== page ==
Recently I had the unexpected privilege of sitting in on an annual orientation event for incoming students in the Master of Public Policy program at the Harvard Kennedy School of Government. I watched 250 students walk up to a podium one at a time for their “15 seconds of fame”, during which they were free to introduce themselves to their new classmates in any way they chose until a bell rang. There were a few rules. A second year student instructed them not to say they were happy to be there (that was assumed), not to thank the admissions office, not to say something that had already been said by someone else and not to just say what could be learned about them from their resumes. She also warned them that they would be forcibly removed from the stage if they did not exit quickly after the fifteen second bell rang. Welcome to Harvard.
The class was intensely diverse, with students from every corner of the world and a range of experience rarely gathered in one room. I eagerly settled in for what I expected to be two hours of riveting messages delivered in rapid succession, each one entirely different from the ones previous. But it soon became evident that some form of perplexing group-speak had taken over. I was in awe of the number of people who, after stating where they were from and what they had done professionally since college (wasn’t that against the rules??), chose to focus on one or more of the following topics:
- sports teams (“I’m proud to say I’m a Red Sox fan!” or “I probably shouldn’t admit to being a Yankees fan here, but I am” or “I went to USC. Any other Trojans here?” Way to exclude most of the crowd.)
- eating and cooking (The first time someone said, “And I like eating” was kind of cute, but it got old really fast, along with, “Come find me if you want to try all the restaurants in Harvard Square” and “I’m not a good cook, so please invite me over for dinner.”)
- Latin culture (I think ten people said to let them know if anyone wanted to go salsa dancing, and five mentioned different Latin foods they were craving. I know that the Latino population is growing at a very fast rate, but doesn’t anyone in the class crave any other kinds of food or entertainment?)
I found this phenomenon fascinating. Was if that people had all actually thought about what to say in advance and happened to focus repeatedly on such similar topics, or was there some magnetic force of sameness pulling people toward repetition in spite of their innate uniqueness? Obviously, these were very intelligent, creative students to be in this school embarking on this academic experience. Were they nervous? Was it just too much pressure? Or was it some weird subconscious tendency to imitate people who had spoken before because they had not royally embarrassed themselves? I think it may have been a combination of the above.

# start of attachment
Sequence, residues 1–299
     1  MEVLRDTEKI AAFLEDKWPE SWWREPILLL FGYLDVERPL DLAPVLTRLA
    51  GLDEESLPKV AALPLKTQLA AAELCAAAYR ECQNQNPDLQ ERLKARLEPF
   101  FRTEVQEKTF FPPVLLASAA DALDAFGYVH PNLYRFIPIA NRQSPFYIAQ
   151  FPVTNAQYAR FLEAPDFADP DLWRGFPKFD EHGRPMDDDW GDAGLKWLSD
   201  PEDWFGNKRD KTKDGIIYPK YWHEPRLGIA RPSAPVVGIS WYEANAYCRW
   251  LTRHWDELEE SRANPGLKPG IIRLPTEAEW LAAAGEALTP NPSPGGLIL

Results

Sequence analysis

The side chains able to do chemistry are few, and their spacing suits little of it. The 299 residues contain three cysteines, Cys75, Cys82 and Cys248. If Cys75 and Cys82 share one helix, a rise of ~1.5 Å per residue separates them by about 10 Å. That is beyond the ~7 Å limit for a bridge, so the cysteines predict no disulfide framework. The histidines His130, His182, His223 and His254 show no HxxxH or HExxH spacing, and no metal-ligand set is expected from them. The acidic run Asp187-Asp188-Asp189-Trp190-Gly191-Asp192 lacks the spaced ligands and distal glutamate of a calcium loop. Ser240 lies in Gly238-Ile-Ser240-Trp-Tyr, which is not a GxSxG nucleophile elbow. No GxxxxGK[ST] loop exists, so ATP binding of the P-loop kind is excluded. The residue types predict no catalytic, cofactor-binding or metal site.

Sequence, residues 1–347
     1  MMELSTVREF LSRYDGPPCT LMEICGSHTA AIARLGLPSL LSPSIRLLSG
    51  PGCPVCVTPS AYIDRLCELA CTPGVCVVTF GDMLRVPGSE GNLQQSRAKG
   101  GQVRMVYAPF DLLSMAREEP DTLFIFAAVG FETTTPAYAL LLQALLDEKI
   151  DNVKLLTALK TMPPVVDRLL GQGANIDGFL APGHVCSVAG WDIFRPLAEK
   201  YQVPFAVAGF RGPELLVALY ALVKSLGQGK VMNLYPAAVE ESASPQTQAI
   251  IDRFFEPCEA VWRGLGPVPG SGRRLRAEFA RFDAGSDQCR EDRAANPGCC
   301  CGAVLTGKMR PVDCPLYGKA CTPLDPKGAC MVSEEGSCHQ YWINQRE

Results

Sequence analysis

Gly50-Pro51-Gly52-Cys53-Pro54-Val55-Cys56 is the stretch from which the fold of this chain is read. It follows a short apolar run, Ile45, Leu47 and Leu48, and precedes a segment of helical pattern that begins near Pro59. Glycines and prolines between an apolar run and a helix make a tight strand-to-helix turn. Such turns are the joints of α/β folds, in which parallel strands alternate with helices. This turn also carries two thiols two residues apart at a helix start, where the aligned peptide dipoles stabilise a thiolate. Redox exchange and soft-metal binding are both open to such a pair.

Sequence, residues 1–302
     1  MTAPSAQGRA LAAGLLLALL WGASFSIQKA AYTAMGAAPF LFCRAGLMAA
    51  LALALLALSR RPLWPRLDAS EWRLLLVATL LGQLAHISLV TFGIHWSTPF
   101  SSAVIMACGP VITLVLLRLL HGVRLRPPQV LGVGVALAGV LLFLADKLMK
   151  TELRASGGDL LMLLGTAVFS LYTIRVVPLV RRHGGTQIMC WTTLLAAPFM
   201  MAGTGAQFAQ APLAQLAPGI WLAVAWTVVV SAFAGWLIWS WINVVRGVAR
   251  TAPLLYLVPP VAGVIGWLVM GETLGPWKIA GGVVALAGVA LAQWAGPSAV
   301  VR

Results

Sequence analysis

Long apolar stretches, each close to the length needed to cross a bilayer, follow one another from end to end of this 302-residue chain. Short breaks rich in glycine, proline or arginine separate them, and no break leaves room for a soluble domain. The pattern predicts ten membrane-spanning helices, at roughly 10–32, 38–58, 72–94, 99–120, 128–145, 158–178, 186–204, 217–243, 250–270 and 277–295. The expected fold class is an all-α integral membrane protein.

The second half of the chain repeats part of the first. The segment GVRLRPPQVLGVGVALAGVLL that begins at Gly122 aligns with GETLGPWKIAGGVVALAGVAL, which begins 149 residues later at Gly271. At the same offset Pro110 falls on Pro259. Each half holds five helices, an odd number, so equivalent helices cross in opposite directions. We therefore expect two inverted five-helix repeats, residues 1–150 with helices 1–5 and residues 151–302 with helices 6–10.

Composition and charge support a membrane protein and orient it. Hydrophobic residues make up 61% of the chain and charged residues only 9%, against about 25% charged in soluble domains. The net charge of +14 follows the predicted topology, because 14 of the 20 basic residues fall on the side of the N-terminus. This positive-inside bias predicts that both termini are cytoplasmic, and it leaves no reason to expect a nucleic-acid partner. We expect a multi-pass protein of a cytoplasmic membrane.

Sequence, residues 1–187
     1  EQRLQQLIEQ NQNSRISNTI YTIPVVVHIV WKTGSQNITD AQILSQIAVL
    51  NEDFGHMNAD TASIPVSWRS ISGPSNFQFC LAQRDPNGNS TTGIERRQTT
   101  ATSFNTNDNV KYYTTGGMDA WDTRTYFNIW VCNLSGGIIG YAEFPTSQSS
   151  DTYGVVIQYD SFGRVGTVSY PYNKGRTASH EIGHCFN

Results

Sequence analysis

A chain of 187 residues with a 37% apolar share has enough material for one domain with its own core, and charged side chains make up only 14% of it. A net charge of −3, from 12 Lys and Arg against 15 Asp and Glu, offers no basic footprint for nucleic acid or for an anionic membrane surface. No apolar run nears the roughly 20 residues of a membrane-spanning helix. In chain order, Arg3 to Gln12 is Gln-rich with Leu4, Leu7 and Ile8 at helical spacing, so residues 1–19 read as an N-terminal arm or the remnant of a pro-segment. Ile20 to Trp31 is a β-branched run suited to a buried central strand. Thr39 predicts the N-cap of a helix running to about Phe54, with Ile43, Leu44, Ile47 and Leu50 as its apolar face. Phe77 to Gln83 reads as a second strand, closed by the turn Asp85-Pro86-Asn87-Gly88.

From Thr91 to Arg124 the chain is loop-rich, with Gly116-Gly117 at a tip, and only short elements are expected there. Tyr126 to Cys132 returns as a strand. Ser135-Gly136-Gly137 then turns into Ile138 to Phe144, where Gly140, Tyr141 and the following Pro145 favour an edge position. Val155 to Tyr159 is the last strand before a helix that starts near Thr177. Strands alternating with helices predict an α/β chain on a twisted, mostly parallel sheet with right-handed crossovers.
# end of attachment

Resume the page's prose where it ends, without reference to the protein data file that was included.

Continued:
Despite hearing several times that people liked tacos and football, I thoroughly enjoyed getting to know these inspiring students for fifteen seconds each. Who wouldn’t be amazed to listen to one person after another casually mention that he or she had done an internship with the office that was prosecuting the Khmer Rouge in Cambodia, painted farms in Slovenia, been an investment banker in five countries, gotten a pilot’s license, written a book about homelessness in Alabama, done the Peace Corps in Mozambique or taught art in a mental hospital? But in the midst of my hearing these sometimes seemingly superhuman feats, one thing kept nagging at me: Weren’t they breaking the rule about not saying what was on your resume?
I’m not always a big fan of rules, but in some cases I do think they serve a purpose and can result in an experience actually being more enriching. I wonder what they all would have said if they had really not talked about anything on their resumes or said anything similar to the people who spoke before they did. To be honest, there are only two students whose remarks I distinctly remember. And I would like to submit them as examples of engaging (though perhaps not exactly worthy of emulation in their distinct raw form) public speaking.
One student got up and simply said something to this effect: “I’ve been in the air force since 2004, so I haven’t dated in six years, and I really want a girlfriend. My number is…” I’m not sure this was the best approach for the context, but he did two things: 1) he let his audience in on something personal, immediately gaining their interest and 2) he somehow involved them by indicating that perhaps his future girlfriend could be among them and they could take action to be considered to fulfill that role. I guarantee people will not forget him between now and graduation and quite possibly far beyond. And maybe one particular young lady will really not forget him. We shall see.
The other perhaps more appropriate and successful example was a young man who got up with energy and had clearly planned exactly what to say. In far under fifteen seconds, he gave the audience important information about his mission (something probably not on his resume though related to what he has done) and engaged them. He addressed them by their cohorts, smaller groups named by Greek letters, and said, “Alpha, Beta and Delta, please stand up. You represent the number of low-income students who do not graduate from high school every year. My mission is to change that.” Done. Pow. Who could argue with that?
Now, I know that some people may have thought he sounded overly ambitious or idealistic or wished that he had cracked a joke or mentioned that he liked salsa dancing. But they won’t be forgetting what he said any time soon. I would advocate a combination of the two approaches. A little humor with a touch of self-deprecation (without giving out the phone number) paired with a confident, strong message. But that’s asking a lot of fifteen seconds. What would you do with “fifteen seconds of fame”?